Dart uses literals for some types like string or collections to provide an easy and intuitive use of these objects. We will learn how to use the literals.


So what are literals? Literals are used to initialize new objects of certain types. Literals only exists for a few selected types. The most common example is the String type. 'Hello world' creates a string without calling a constructor or anything. This is called a string literal.

String literals

String literals exists in almost every programming language. An easy example is:

var str  =  'Hello world';

It is also possible to use double quotes:

var str = "Hello world";

And thats it, there must not be called a constructor or anything. A text in quotes is enough to create a String. You can even do this:

var str = 'hello' 'world'; 

Which is the same as 'hello' + 'world' and will create the string 'helloworld'.

String literals in Dart are more powerful than string literals in other languages. It is possible to access variable values inside literals or even do more complex operations which return an object/string.

The following example will print ‘Hello my name is Peter‘:

var name = 'Peter';
print('Hello my name is $name');

If the value you want to use is more complex than a simple variable you need to surround the code by curly brackets. For example:

String getName() => 'Peter';
print('Hello my name is ${getName()}');

You write whatever code you want inside the curly brackets as long as it returns a string or an object because the toString() method is called implicitly. So this would also be possible:

var x = 5; 
var y = 7;
print('$x + $y is equal to ${x + y}');

Collection literals

Dart has also literals for collections. This allows us to create Sets, lists and maps with literals.

List literal

A list can be created using []:

var list = [];

This will create an empty list. A list normally has a generic type parameter. We can set the generic type by writing it before the literal:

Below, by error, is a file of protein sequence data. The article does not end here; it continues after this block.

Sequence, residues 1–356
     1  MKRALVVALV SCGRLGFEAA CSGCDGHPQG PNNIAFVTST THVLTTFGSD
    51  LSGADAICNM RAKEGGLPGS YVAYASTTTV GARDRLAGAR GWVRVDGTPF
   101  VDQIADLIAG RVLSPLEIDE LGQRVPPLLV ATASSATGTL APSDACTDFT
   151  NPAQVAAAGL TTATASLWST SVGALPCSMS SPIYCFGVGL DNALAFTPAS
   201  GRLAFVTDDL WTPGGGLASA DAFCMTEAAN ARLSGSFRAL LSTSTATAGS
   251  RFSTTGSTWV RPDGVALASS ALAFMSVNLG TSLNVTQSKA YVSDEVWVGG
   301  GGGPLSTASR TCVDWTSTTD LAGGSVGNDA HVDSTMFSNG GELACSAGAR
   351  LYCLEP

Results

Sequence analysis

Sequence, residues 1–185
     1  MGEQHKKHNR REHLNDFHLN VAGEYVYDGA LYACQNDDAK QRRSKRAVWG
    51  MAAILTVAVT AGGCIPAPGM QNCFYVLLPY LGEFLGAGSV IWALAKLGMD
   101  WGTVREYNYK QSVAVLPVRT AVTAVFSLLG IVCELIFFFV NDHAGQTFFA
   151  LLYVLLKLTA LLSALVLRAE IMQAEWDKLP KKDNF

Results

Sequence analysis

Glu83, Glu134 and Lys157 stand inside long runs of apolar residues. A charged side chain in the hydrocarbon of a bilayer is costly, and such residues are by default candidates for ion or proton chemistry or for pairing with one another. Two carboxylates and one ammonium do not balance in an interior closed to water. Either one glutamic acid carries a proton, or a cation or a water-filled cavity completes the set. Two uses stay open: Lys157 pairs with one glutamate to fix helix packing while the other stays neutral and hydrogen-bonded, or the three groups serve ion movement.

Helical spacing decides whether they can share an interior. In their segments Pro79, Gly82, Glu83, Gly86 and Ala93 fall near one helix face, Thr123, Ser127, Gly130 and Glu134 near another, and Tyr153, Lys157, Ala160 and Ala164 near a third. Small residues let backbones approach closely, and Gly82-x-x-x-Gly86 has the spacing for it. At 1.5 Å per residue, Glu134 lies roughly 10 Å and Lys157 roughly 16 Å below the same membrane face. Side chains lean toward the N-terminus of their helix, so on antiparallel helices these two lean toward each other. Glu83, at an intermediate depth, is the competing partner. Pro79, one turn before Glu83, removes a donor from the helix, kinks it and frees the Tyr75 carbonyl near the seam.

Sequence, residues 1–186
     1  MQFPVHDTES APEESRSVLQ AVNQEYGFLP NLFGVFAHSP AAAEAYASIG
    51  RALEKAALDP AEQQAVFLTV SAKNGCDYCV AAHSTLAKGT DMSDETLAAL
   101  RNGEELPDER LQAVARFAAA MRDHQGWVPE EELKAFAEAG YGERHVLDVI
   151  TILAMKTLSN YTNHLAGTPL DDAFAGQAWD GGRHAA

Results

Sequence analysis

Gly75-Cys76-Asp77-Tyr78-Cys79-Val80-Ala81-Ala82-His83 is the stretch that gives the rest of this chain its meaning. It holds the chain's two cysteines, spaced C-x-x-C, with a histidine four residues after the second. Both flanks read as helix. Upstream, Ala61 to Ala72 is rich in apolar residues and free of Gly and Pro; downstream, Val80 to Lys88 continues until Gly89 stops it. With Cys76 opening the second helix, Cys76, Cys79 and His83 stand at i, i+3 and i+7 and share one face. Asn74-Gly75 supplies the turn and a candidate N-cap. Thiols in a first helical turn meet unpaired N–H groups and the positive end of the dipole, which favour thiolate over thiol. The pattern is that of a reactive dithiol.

var list = [];

This will create an empty list from type List<int>.

We also can pass values to the literal to initialize a non empty list:

var list = [1,2,3];

This will create a list from type List<int> with the values 1, 2 and 3. Note that the generic type is omitted here because the generic type is implicitly taken from the passed values.

This can lead to unexpected behavior if you want to create a List<num> and initialize it as:

var list = [1,2,3];
list.add(2.5); // This is not working

To make it work you need to pass the generic type to the literal:

var list = [1,2,3];
list.add(2.5); // This is working
Map literal

A map can be created by using curly brackets:

var map = {};

This will create a Map<dynamic, dynamic>. To define the generic parameters they can be again added before the literal:

var map = {};

Values can also be added passed to literal:

var map = {'Peter' : 1, 'Bob': 45};

The generic type parameter can be omitted because it is interfered from the passed values.

Set literal

The set literal is the same as the map literal. The following statement creates a set:

var mySet = {};

This will create a Set<int>. Note that the generic parameter can’t be omitted because otherwise a map would be created because both data structures are using the same literal. Because in this example only one generic parameter is passed the Dart compiler knows that it must be a set because a map requires two parameters. The other option is to annotate the variable with the type Set mySet = {} but the type annotation on the literal should be preferred.

Again values can be passed to the literal:

var mySet = {1,2,3,4};

This will create a Set<int> with the values 1,2,3 and 4. Here the generic type can be omitted because the compiler knows the type because of the passed values.

For a comparison between list and set take a look on the article about the differences between set and lists,